With the start of a new school year, both first-year and returning college students are buying books and preparing to pay for their first term of university tuition. But with the prospect of mountains of debt and no guarantee of a job in these uncertain economic times, many recent high school grads are taking a different approach to a college degree:
[Students] are shifting from private to public colleges, taking “gap years” after high school to save money or attending school part-time while working, based on enrollment figures and anecdotal evidence from admissions counselors and other experts.
To cover the extra costs, parents are increasingly dipping into retirement savings and loading up on debt. So are their children. Read more from the Spokesman-Review »
These changes stem somewhat from recessionary pressures; prospective students are worried about getting a job after graduation, and parents are concerned about paying for college in an uncertain job market. But in large part, they are due to the ever-increasing cost of a college education.
As reported in EOI’s policy brief Losing by Degrees, the “high-tuition/high-aid” model – in which colleges charge higher tuition overall, but offer larger financial assistance packages to low-income students – is actually a step backward in terms of access and affordability for all but the wealthiest of students.
It sounds good on paper. But the results show a fundamental flaw in the outcome: high levels of financial aid are typically available only to the poorest of students, dropping off sharply for families of middle-income students. This limits students of middle income families to meager amounts of tuition aid, requiring those students and their families to take on heavy debt in order to go to college.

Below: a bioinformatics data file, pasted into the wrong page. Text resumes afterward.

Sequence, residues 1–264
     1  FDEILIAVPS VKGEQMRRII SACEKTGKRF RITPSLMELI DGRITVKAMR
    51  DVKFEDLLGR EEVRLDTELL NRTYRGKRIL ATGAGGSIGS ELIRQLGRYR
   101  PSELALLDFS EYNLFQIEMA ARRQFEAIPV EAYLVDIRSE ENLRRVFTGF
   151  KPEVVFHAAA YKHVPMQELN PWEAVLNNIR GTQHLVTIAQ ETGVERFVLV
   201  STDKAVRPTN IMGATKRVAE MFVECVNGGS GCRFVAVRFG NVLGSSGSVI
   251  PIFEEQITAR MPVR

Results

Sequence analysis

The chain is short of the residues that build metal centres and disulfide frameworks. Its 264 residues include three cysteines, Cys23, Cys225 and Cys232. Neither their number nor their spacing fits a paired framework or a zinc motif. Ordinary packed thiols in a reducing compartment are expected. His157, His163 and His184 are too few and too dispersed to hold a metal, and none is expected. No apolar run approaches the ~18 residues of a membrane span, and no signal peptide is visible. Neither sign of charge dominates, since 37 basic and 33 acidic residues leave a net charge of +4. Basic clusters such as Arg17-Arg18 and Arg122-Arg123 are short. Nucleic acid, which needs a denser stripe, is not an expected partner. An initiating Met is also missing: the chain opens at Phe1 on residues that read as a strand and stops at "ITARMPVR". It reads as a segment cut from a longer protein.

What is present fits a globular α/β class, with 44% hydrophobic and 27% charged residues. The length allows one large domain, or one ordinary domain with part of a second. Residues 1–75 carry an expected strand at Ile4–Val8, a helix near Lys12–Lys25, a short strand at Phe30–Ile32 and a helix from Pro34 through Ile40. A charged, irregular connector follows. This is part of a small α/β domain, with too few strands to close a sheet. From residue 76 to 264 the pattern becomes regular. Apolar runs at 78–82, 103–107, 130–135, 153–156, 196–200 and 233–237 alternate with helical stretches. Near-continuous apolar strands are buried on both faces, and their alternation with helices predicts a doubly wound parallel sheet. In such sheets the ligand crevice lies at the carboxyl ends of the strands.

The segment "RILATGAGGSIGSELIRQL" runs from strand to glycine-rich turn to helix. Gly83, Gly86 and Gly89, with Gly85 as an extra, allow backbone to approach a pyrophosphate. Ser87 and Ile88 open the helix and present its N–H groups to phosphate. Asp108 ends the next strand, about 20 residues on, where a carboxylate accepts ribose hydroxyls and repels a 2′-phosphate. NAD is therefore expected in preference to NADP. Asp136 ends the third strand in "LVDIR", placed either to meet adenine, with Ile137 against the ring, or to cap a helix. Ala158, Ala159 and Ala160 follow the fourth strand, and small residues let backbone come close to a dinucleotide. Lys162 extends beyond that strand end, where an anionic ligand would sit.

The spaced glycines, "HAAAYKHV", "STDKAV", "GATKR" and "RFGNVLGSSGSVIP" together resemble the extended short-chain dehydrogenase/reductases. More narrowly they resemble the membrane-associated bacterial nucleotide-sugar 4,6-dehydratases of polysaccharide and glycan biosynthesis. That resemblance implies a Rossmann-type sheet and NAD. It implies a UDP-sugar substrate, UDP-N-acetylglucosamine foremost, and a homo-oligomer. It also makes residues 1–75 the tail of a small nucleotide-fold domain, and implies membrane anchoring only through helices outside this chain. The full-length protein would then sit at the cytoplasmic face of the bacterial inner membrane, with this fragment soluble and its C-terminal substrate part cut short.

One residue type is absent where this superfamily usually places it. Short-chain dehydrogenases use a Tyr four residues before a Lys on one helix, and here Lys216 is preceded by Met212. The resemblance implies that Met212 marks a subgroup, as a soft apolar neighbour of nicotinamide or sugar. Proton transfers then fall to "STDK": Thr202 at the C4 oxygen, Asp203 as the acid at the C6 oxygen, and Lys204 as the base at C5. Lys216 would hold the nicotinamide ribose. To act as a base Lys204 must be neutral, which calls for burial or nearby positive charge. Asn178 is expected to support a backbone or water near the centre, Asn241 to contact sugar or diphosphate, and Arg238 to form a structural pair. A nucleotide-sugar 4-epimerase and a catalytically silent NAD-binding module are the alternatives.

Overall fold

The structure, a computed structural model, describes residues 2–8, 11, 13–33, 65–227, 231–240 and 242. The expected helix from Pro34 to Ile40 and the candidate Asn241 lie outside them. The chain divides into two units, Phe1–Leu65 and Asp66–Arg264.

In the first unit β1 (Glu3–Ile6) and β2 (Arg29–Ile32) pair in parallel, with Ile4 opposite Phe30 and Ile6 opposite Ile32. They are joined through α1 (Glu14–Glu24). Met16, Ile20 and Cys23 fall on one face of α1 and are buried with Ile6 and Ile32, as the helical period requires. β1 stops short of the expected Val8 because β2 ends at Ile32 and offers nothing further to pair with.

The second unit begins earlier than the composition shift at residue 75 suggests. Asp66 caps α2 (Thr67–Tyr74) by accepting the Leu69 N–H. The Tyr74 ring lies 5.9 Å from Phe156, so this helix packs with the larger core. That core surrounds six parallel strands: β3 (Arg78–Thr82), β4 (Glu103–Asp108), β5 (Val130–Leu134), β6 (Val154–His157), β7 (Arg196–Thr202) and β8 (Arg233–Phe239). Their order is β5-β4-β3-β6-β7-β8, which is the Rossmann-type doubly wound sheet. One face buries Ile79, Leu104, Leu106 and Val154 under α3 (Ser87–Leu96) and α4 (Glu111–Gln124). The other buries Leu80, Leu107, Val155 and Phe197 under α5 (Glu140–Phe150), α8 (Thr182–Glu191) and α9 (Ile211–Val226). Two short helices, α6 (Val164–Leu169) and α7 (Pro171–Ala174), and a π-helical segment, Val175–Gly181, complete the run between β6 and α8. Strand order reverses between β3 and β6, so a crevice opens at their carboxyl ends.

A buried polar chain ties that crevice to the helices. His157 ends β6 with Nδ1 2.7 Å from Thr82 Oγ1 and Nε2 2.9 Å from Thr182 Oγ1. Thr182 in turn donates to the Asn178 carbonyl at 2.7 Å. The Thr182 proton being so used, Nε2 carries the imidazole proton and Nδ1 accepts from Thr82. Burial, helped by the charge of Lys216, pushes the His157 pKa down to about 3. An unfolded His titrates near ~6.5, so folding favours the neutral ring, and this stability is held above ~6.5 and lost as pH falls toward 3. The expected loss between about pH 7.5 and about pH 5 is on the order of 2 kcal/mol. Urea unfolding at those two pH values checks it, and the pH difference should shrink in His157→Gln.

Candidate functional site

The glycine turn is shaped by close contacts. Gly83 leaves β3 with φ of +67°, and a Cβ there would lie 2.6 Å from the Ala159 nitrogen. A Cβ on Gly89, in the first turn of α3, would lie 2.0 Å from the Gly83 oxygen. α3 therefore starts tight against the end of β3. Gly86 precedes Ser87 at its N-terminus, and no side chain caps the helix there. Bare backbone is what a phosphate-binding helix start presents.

Washington state began moving toward that model even before the recession. Today, Samuel Smith, president emeritus of Washington State University and a member of the Washington State Higher Education Coordinating Board, addressed the need for dedicated funding to higher education in this Seattle Times op-ed:
We need a greater public awareness that our decreasing state funding is hurting our citizens’ abilities to get a college education. With our state’s policy of high tuition and high financial aid, we are increasingly seeing the children of the wealthy go to college while the children of the hardworking, average family do not.
Washington’s regressive and outmoded tax structure has been squeezing public dollars our of higher education for decades. Today, the state’s already-narrow tax base continues to shrink relative to the whole economy, while relying too heavily on contributions from low- and middle-income state residents and taxing the wealthy too lightly.
The high-tuition/high-aid model amounts to another body blow to the state’s middle-class. Without fundamental tax reform – such as offered by Initiative 1098 – Washington state will not be able to raise sufficient public revenues to build the education system that our students deserve, and our state needs to remain competitive in the global economy over the decades ahead.
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